In a way, the staggering reluctance of the Greek population to buy tickets for Olympic events will serve as a great and glorious boon to Athens during the Games.
Simply put, no spectators, no traffic.
On the other hand, no spectators, no spectators, and with no spectators comes great embarrassment for the Greek government and its Olympic committee, and with great embarrassment comes desperate solutions.
Yes, we sit dangerously on the cusp of the Pythagoras bobble-head.
It is clear, with the Games barely weeks away, that the Greek Olympic Committee is going to have to market this puppy as never before, to steal every idea ever tried in any minor league hockey rink in North America, in a desperate attempt to make the Olympics look like a great idea.
And no, a three-act play by Thucydides played out by the Macedonian track team during the march into the stadium isn't going to cut it.
No, this is no time for elaborate (read: interminable, incomprehensible and thoroughly tedious) stage shows like the one at the start of the Salt Lake City Winter Games. The Athens folks are going to have do this the more traditional American way.
They are going to have to go heavy on the giveaways and gimmicks.
True, this is an Olympic tradition usually restricted to IOC delegates when it comes time to vote on a new city. Only it's called graft, bribe-taking, and rarely, three years in minimum security learning how to cook flapjacks for 450.
But in this case, where the venues are going to have that Tuesday night/Expos vs. Pirates look to them, the giveaways will have to be used as a customer lure, just as they are here.
In other words, we're talking Aristotle Onassis T-shirts, emblazoned with the legend, "If I Were Alive Today, I'd Be Here With You."
We're talking dot racing with the dots being the last three 200-meter runners to be eliminated in the semifinals.
We're talking souvenir specimen cups with the words, "Certified Clean-As-A-Whistle Olympian 2004."
And of course, pins.
Pins, the currency of choice for people who don't like the currency we call money, grease every flywheel at an Olympic Games to commemorate the first Gyro Night, to commemorate the 50th spectator at the rhythmic gymnastics, to commemorate the Great Ouzo-Off in the Olympic Village, and to commemorate the first sighting of a Dream Teamer in the Village.
These are, after all, desperate times for the Olympic movement. Between the allegations that every athlete since Paavo Nurmi has been on the clear, the Athenian gift for turning construction target dates into mere suggestions, and the uncertain global situation, this is going to be one nervous Olympics.
It'll be like the world has gathered in one place to bat against Pedro Martinez right after he has given up a three-run homer to Omar Infante.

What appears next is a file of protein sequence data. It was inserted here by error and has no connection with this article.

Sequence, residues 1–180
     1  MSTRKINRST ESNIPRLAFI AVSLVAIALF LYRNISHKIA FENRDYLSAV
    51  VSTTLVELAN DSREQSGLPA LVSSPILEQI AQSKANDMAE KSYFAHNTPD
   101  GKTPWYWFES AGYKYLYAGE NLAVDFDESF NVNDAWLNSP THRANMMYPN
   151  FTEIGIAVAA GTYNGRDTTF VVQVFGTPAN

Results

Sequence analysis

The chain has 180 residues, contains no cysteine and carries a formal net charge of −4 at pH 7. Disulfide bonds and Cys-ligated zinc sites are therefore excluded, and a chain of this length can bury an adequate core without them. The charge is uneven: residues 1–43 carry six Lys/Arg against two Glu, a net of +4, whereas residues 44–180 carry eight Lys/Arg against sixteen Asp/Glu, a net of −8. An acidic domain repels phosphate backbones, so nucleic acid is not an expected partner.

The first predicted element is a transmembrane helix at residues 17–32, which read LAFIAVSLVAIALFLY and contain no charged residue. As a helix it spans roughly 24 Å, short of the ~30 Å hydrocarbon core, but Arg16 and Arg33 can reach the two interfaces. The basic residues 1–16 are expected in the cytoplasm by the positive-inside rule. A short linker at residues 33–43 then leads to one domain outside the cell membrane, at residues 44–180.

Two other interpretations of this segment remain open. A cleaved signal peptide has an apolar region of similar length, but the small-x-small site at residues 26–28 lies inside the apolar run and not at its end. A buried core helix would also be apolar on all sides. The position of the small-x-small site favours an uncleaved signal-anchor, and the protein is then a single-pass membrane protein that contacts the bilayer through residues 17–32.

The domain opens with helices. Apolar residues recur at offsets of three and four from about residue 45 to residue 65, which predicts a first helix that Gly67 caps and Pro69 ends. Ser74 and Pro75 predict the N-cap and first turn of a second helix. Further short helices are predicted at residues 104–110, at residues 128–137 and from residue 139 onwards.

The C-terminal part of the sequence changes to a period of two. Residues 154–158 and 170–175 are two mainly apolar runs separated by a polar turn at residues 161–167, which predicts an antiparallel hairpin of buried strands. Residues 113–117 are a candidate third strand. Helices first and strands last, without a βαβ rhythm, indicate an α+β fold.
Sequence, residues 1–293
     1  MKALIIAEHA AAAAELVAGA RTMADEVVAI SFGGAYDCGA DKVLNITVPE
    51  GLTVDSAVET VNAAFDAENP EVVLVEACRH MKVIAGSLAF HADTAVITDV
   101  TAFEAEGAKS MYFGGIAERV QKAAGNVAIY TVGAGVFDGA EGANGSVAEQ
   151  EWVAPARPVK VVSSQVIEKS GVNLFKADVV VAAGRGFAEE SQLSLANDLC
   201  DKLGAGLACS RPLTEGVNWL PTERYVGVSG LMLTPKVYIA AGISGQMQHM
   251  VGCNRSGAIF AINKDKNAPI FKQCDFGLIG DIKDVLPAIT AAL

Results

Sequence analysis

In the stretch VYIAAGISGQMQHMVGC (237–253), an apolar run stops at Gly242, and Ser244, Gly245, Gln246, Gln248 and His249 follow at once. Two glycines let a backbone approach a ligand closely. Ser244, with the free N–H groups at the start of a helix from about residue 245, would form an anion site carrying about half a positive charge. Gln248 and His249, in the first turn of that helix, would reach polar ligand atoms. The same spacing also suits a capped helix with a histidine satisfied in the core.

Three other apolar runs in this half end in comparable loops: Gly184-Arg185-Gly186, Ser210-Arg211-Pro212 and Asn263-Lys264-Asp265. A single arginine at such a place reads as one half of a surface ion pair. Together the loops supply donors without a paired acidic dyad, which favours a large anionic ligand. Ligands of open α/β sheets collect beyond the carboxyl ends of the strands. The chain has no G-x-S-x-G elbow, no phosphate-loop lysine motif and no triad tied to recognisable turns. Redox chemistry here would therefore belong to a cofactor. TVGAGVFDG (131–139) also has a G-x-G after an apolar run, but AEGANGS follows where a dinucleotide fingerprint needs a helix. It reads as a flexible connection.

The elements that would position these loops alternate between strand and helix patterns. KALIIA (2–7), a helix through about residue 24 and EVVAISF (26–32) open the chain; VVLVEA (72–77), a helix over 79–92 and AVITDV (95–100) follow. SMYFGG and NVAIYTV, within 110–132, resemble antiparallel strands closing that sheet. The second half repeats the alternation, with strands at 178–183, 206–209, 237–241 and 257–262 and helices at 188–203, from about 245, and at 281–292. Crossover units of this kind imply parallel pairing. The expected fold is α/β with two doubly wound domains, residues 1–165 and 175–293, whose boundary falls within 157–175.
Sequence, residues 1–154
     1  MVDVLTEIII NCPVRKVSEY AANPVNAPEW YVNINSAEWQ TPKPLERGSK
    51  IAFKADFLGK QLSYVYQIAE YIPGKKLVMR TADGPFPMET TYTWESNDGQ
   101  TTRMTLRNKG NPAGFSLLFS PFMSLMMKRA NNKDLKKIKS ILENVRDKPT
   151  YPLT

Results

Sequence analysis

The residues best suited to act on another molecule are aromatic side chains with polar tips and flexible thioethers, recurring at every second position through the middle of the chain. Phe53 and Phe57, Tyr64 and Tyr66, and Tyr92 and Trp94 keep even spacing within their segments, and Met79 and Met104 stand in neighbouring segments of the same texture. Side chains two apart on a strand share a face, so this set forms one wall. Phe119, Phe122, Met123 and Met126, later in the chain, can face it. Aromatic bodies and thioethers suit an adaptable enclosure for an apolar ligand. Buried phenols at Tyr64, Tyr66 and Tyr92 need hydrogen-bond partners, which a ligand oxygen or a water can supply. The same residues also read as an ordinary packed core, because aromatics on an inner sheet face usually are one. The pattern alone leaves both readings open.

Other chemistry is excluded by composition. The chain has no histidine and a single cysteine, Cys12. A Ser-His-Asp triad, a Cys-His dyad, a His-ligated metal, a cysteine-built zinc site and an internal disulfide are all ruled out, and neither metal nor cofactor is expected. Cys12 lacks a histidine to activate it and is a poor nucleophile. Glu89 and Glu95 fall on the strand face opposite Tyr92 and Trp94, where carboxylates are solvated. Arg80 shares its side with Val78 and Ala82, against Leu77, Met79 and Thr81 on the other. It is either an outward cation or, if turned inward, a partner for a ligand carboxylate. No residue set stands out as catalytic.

So how do you overcome this sense of keep-your-heads-on-def-com-swivel-folks?
Easy. Bedazzle them with cheap trinkets.
We're talking little Olympic hard hats emblazoned with the motto, "85% Is Close Enough."
We're talking T-shirts that say, "The Balkans: Doing Much Better These Days, Thanks For Asking."
We're talking silent auctions for the right to sit in the NBC booth at the archery venue between Al Trautwig and Mary Carillo: "Ooh, one right in the gizzard, and that's got to hurt the plucky Uzbek's chances at a medal."
Or, if it's spectacle you want, there's always the spectre of a great naval battle fought offshore by the various high rollers who want their Olympic experience to be as close to the exits as possible. Hire a few pirates, a few parrots, and teach them all to say "Aaaaaarrggghhh me hearties" on cue and in context, and you've got a show that would strike even Bob Costas mute.
I mean, do you want people in the place or not?
Or maybe you juice up the events themselves, like the 1,000 meter demolition butterfly, or have all the contestants in the 10-meter dive take off at the same time, or have all the gymnastics judges replaced by the cast of "Deadwood."
Team javelin. Fencing with maces. Putting alligator moats in front of the three bases in the baseball competition. Putting the end of the marathon right into the middle of rush hour traffic.
Or for that quick fix, NASCAR.
You see, there are possibilities here, but the days are wasting away to a precious few. This kind of dramatic last-minute overhaul requires quick thinking, planning and licensing (which, after all, is the most important Olympic sport to the IOC), and time, as it has been since Athens got the Games six years ago, is in short supply.
What, you think Olympic Torch barbecue starters make themselves, Spiros?
Ray Ratto is a columnist with the San Francisco Chronicle and a regular contributor to ESPN.com